In particular, if the UK Government chooses to close off all UK public procurement to foreign bidders, UK industry – including UK subsidiaries or suppliers based in other countries – could lose secured access to all GPA public procurements worth approximately £1.3 trillion per year, of which “UK wins” are estimated to be worth £1 billion to £1.4 billion according to the UK Government, as well as non-GPA public procurement markets currently open to UK industry through EU agreements. But in return, UK industry would have exclusive access to a UK public procurement market valued at £292 billion per annum. EU data indicate that – between 2009 and 2015 – 2.5% (£7.3 billion) of UK public procurement was awarded to foreign bidders located abroad and 22.3% (£65.1 billion) was awarded to UK based bidders that are subsidiaries of foreign companies. This suggests that a move to close UK public procurements could result in a substantial increase in the value of UK public procurement awarded to UK bidders.
The UK Government will need to balance the economic benefits of increasing domestic wins for UK industry against the lost opportunities abroad.
Creating roadblocks in future free trade negotiations
Most of the UK’s main trading partners – current and future – enjoy and probably expect mutual access on public procurements (e.g. EU, US, Canada, Australia, Japan and Singapore). Removing or reducing access might weaken the UK’s negotiating position when looking to conclude new, or vary agreed, UK trade agreements.
In particular, public procurement is one of several areas that stalled negotiations on the EU-US free trade agreement (‘Transatlantic Trade and Investment Partnership’ or ‘TTIP’). As explained above, the EU is dissatisfied with the level of disparity between the two markets and has been clear that opening up US public procurement markets is one of the EU’s main priorities in TTIP negotiations. But progress has been limited with the EU’s chief negotiator commenting that “the current US offer in the area of public procurement was well below the EU’s expectations and that improvement was needed in order to reach the end deal.” There have been no new negotiation rounds on TTIP since 2017.
Reducing competition can negatively affect the public procurer and, ultimately, the tax payer. As per the UK Government’s published Outsourcing Playbook, which was published in February 2019: “Healthy, competitive markets matter because they support our ability to achieve value for money for taxpayers.” Reducing competition and choice could result in higher cost solutions or unhealthy markets resulting in the UK Government becoming dependent on a limited number of suppliers which, as demonstrated by the collapse of Carillion, increases the risk of significant public service disruption and cost to the taxpayer.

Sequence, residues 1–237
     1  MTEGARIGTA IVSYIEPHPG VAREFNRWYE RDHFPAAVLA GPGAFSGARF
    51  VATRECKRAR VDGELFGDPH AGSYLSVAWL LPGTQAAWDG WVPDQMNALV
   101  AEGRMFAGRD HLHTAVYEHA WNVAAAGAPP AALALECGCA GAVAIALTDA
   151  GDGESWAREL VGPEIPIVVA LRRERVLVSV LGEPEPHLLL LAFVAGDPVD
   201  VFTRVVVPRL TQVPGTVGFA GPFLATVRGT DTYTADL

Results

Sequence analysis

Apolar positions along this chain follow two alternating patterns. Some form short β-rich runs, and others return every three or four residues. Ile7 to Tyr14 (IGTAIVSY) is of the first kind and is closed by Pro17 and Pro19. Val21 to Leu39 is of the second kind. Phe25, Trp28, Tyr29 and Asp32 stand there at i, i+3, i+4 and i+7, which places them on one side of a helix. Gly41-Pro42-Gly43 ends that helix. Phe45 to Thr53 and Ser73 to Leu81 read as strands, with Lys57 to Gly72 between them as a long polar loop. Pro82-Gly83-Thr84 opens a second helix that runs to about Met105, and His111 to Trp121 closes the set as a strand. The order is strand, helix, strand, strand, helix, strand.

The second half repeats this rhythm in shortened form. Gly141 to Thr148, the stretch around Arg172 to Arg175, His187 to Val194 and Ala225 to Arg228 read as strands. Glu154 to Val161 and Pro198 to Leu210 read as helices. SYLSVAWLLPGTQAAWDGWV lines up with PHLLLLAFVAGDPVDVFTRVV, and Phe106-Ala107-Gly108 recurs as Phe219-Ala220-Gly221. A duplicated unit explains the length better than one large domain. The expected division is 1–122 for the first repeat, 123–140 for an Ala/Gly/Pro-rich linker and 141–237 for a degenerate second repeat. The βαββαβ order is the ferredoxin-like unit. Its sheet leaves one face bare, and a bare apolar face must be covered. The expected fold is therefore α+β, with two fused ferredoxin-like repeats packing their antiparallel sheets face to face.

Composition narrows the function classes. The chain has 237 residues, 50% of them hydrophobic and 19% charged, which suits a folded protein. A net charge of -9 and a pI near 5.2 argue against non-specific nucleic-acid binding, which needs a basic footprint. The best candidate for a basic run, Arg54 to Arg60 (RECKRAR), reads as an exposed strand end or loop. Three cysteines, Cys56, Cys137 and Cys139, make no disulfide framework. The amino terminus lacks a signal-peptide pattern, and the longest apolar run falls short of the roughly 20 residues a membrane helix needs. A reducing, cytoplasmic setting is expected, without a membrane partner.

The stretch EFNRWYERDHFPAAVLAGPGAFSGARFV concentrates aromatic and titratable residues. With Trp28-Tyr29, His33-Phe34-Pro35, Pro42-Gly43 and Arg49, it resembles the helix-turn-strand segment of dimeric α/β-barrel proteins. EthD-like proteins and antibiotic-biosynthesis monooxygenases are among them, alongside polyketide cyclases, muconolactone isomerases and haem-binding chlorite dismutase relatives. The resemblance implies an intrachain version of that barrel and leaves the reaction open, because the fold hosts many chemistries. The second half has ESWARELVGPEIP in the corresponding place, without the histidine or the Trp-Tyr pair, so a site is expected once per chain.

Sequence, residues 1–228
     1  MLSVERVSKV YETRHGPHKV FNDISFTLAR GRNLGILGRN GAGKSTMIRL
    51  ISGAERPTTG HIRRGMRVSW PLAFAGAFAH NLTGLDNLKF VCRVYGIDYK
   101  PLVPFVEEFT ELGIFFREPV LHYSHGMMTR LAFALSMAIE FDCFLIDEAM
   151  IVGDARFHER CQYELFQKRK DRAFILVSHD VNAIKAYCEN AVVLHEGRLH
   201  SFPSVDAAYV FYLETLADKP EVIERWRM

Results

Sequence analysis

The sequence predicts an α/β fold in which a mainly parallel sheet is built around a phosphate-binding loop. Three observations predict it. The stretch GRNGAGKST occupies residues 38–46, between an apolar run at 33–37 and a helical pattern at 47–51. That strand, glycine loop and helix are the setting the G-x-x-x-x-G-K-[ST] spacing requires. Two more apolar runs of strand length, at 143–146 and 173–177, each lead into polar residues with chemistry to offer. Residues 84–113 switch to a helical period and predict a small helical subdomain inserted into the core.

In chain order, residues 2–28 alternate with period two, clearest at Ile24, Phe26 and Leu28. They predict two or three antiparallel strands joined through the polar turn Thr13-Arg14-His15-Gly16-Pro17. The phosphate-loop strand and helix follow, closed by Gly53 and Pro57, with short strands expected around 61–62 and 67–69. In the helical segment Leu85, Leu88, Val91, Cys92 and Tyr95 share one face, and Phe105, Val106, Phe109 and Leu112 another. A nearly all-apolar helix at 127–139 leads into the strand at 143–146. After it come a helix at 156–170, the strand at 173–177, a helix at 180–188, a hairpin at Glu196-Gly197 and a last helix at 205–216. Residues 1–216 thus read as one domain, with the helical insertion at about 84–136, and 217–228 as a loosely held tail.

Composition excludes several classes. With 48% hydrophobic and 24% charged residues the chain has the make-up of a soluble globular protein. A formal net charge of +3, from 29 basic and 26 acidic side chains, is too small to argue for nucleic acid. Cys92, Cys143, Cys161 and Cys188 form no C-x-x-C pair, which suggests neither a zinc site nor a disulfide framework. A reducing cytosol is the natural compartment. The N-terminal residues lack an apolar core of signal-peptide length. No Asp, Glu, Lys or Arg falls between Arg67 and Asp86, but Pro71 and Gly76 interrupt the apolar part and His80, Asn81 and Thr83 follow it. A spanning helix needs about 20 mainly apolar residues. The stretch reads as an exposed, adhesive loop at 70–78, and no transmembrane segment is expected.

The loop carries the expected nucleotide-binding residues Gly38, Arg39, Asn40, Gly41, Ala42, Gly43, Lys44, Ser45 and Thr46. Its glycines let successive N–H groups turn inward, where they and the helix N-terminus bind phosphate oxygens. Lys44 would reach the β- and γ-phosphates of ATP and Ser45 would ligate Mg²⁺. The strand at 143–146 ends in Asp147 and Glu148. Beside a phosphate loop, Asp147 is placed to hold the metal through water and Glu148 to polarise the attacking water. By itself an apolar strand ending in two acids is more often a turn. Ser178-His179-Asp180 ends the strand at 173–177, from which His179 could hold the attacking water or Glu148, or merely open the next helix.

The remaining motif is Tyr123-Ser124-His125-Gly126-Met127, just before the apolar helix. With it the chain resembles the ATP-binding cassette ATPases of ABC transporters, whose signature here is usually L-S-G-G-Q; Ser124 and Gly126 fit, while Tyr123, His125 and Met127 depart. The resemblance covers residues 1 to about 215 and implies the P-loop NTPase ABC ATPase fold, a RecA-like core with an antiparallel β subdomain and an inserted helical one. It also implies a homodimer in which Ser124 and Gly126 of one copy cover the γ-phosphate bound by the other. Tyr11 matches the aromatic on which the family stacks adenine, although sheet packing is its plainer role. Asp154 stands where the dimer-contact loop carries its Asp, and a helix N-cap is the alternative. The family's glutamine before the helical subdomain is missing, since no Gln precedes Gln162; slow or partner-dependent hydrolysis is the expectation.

Whilst the pledge is achievable from a legal perspective, a number of difficult questions await policymakers over the cost/benefit of introducing protectionist procurement measures should the Prime Minister and Government wish to turn it into official UK policy.
In our view, helping UK industry to win more UK public procurement can be achieved through investment and support, and without trade-offs or needing to change existing laws. In fact, the UK Government already has in place a number of policies that have the potential to help. For example, the Industrial Strategy published in November 2017 outlines a number of initiatives and plans that could augment UK’ tender prospects and enhance their competitiveness over foreign rivals. For example, overcoming ‘Grand Challenges’ such as putting the UK at the forefront of the ‘AI and data revolution’ or ensuring that the UK becomes a world leader in shaping the ‘future of mobility’, could drive efficiencies in how companies deliver goods, services or works which could boost quality and price advantages. Focusing on ‘Foundations’ such as improving the skills and capabilities of the UK workforce (e.g. through apprenticeships, training and education) can assist in the same way. UK industry should also benefit from the Outsourcing Playbook and the UK Government’s renewed focus on creating healthier and more sustainable UK markets. More public contracts that are let on an economically sustainable basis and where, for example, UK industry is not exposed to unreasonable risks, should increase their competitiveness.
Providing UK industry with access to a clearer pipeline of work, or working with it to enhance tendering skills (e.g. procurement bootcamps/training), could boost the performance of UK bidders without necessarily falling foul of existing laws.
These measures not only have the effect of making UK industry more competitive in UK public procurement, but also in foreign public procurement.